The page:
18 March 2003 17:38 [Source: ICIS news]
PARIS (CNI)--A sense of cautious optimism has pushed the French chemicals industry to stick with its earlier forecast of 2.9% higher sales volumes in 2003 despite seeing growth predictions downgraded during the previous year.
According to forecasts by French chemicals trade association Union des Industries Chimiques (UIC), an upturn in the sector's fortunes is due by mid-year. UIC president Bernard Riviere said that although expected volume growth was under the EU (European Union) chemicals industry average of 3%, prices were expected to rise by 1% this year against annual growth of 0.7% in 2002.
Last year, volume growth of France's chemical industry - including pharmaceuticals - was only 1.1% on sales up 0.4% to Euro85.4bn (about $92bn). Excluding pharmaceuticals, production volumes were down nearly 1% due to weak economies, reduced demand and decreased output.
He added that globalisation would sustain trade and help offset any short-term setbacks to the global economy from the Iraq war, leading to expected growth of about 6% this year in French chemicals exports to Euro55bn from the weak rise last year of 2.5% to Euro52bn.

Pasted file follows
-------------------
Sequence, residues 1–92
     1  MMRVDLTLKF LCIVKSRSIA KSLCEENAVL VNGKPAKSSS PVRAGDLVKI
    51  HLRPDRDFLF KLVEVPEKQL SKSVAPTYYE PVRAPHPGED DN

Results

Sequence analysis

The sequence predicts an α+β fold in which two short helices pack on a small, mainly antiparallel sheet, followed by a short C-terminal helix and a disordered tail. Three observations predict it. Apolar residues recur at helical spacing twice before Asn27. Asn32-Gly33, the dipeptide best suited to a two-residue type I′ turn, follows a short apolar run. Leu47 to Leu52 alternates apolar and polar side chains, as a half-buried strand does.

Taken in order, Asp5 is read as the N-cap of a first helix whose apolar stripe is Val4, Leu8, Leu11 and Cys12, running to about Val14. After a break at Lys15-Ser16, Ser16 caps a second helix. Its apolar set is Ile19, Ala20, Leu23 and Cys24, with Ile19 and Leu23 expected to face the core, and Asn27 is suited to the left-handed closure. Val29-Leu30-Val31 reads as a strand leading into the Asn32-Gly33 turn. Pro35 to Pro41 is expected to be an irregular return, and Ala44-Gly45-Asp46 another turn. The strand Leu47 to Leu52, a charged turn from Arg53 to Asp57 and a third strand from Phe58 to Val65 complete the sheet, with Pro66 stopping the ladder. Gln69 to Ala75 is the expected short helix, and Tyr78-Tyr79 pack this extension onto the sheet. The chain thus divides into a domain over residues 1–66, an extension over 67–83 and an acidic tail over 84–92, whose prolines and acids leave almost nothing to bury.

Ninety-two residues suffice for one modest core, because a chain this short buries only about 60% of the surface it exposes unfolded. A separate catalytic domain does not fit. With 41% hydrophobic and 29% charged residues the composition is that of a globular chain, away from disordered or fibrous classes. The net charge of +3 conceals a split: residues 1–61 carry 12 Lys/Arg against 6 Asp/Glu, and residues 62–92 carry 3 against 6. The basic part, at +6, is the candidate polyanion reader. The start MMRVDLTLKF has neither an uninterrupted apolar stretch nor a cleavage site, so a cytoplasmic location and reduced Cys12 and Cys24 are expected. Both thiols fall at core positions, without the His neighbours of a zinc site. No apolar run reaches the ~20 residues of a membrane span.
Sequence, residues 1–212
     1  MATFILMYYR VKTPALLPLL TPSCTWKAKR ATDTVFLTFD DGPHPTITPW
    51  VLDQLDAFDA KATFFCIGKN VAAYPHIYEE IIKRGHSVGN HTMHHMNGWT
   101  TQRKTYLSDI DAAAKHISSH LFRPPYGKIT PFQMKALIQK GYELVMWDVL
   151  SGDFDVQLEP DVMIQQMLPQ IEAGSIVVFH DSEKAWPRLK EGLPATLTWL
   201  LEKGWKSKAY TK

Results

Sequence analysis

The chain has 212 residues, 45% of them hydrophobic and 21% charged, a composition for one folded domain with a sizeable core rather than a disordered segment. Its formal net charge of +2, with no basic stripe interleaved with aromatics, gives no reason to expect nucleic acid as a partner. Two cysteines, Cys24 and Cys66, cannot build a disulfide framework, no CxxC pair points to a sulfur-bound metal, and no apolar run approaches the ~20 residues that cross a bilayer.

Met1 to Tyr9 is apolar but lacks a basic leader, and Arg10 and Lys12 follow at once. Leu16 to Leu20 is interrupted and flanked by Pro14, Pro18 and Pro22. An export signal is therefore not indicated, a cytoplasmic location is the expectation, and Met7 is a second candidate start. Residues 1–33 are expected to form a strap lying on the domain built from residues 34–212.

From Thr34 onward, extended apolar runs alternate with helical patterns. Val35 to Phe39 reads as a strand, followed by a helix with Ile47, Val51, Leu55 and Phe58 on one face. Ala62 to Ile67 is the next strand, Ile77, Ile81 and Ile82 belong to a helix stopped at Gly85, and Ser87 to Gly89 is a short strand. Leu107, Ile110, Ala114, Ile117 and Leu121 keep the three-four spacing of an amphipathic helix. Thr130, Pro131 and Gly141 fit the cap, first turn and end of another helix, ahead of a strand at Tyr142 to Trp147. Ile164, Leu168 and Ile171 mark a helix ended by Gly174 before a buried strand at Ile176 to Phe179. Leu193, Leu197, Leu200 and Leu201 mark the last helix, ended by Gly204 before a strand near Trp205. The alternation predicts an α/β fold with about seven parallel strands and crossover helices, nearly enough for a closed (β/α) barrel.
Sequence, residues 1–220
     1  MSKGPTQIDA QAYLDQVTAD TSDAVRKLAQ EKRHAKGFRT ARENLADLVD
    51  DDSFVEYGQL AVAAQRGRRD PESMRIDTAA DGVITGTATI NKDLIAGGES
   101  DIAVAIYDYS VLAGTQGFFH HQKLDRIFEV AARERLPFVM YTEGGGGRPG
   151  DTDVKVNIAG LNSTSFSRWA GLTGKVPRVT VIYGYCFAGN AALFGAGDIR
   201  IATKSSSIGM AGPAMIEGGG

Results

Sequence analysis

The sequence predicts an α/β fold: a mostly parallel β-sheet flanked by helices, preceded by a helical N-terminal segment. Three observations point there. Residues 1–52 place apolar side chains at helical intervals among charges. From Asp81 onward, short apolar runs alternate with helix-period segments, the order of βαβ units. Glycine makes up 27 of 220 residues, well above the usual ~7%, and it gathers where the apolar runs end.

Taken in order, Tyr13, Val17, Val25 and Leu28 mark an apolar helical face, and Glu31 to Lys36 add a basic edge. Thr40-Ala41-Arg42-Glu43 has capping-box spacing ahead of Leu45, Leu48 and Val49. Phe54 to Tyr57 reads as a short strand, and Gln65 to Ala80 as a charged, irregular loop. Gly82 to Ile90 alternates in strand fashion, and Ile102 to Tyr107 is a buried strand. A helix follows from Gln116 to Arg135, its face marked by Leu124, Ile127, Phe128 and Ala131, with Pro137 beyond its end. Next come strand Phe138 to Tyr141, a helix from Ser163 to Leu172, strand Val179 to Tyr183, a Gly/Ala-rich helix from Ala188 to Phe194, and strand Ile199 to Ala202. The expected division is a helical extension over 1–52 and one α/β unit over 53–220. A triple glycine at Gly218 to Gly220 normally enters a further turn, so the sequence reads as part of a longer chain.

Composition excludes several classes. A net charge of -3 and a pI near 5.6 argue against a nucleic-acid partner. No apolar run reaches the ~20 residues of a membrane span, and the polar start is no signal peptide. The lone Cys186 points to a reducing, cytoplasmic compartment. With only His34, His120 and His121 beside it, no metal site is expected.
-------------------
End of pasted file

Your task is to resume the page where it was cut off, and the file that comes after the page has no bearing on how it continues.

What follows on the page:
Investment in the industry in 2003 is expected to rise by 7% to around Euro3.4bn after a slump of 12% to Euro3.2bn in the previous year. Expenditure on research and development (R&D) was expected to be bolstered by government credits and tax incentives, he added. The R&D spend has slid in recent years with an increasing share of the total investment going to safety measures.
However, despite the UIC's modest optimism on the industry's economic prospects, Riviere sounded renewed notes of concern over competitive disadvantage being structurally introduced in the medium-term because of increased regulatory burdens.
The UIC is advocating the "reasonable and pragmatic" implementation of the EU's white paper chemicals policy proposals to prevent relocations outside the EU, the disappearance of many small and medium companies and a technological recession that would also affect the downstream industries.
Riviere said that while the UIC supported the European Commission's (EC) white paper proposals on chemical substances as "reasonable and pragmatic", it was worried that the costs of its implementation could push business out of the EU. He added that small and medium-sized companies would come under pressure, potentially bringing about a technological recession that would also affect downstream industries. The UIC has commissioned a consultant, along with the government's industry and environment ministries, to assess the economic and environmental impact of the white paper.
Closer to home, the UIC called on the French government to introduce more flexible social laws and reform the tax regime, which is currently based on investment spending instead of profits, he said. The UIC also called on the government to make greater efforts to help attract and retain research staff.
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